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News Release

SIU Concludes Toronto Firearm Death Investigation

Case Number: 12-TFD-104

Mississauga (24 July, 2012) --- The Director of the Special Investigations Unit (SIU), Ian Scott, has concluded that there are no reasonable grounds to charge a Toronto Police Service officer with a criminal offence in relation to the shooting death of 38-year-old Peter Lumanglas in April of 2012.

The SIU assigned eight investigators and two forensic investigators to probe the circumstances of this incident.  The subject officer, Constable Jeff Blair, consented to an interview with the SIU and provided a copy of his duty notes.  In addition, eleven witness officers and fourteen civilian witnesses were interviewed. 

The SIU investigation found that the following events took place on Sunday, April 15:
• In the late evening hours, Cst Blair was conducting traffic enforcement using radar on Allen Road north of Lawrence Avenue.  He clocked a black Caravan travelling northbound at 146 km/h in an 80 km/h zone.  The officer entered his police vehicle and began to pursue the Caravan for the purpose of identifying the driver or the plate information. 
• The Caravan went onto the collector lanes eastbound on Highway 401 and continued to travel at excessive speed.  The subject officer ascertained the licence plate number and called it into dispatch.  Shortly thereafter, the Caravan exited from Highway 401 onto the Avenue Road ramp in a dangerous manner.  Cst Blair activated his emergency equipment, and a short pursuit took place leading to Bombay Avenue.  He last saw the pursued vehicle as it was driving through two stop signs on that street.  Cst Blair discontinued his pursuit and began to look for the van.
• Cst Blair saw a male (later identified as Mr. Lumanglas) walking quickly on nearby Northmount Avenue.  He appeared to be inappropriately dressed for the weather – he was wearing shorts and a basketball jersey on a late April evening.  Cst Blair stopped his cruiser and spoke to Mr. Lumanglas.  After noting that Mr. Lumanglas was sweating, appeared agitated and that his answers to questions about his driving were nonresponsive, Cst Blair concluded that Mr. Lumanglas was the one who was driving the Caravan in a dangerous manner. He informed him that he was under arrest for dangerous driving and failing to stop for police.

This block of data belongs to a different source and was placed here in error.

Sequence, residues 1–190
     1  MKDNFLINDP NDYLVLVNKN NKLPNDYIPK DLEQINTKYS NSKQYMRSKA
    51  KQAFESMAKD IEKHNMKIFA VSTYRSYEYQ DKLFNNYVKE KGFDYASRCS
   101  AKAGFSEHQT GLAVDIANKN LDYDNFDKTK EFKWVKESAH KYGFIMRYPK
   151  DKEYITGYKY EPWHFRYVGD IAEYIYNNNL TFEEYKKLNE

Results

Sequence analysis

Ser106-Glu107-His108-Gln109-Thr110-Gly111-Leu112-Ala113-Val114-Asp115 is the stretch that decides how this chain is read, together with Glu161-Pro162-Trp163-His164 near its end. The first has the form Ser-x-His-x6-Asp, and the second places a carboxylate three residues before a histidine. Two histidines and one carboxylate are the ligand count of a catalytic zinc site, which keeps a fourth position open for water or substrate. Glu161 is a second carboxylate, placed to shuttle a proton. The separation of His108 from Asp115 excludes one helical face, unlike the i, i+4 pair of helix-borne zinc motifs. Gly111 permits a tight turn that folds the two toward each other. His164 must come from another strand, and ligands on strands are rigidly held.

• Cst Blair led Mr. Lumanglas to the back of his cruiser to effect the arrest.  Mr. Lumanglas was compliant and placed his hands behind his back.  Cst Blair patted him down, and in the right pocket of his shorts, the officer found a closed pocket knife.  He placed the knife on the trunk of the cruiser.  In his left pocket, the subject officer found drug paraphernalia and what he believed to be drugs.  Immediately after notifying him that he was also under arrest for possession of contraband drugs, Mr. Lumanglas’ demeanour changed.  He lunged forward, grabbed the pocket knife and opened the blade.  He stabbed Cst Blair three times, twice in the arm and once in the neck.  Cst Blair took a few steps back, drew his firearm and issued the police challenge, “police, don’t move.”  Instead of complying, Mr. Lumanglas moved toward Cst Blair with the knife raised above his head in his right hand.  Cst Blair s discharged his firearm at least three times aiming at Mr. Lumanglas’ torso causing him to fall down.  Cst Blair was bleeding profusely.  Mr. Lumanglas tried to get up again.  The subject officer could not see the whereabouts of the knife and was feeling weaker.  He then discharged his firearm two more times.  Mr. Lumanglas fell back to the ground.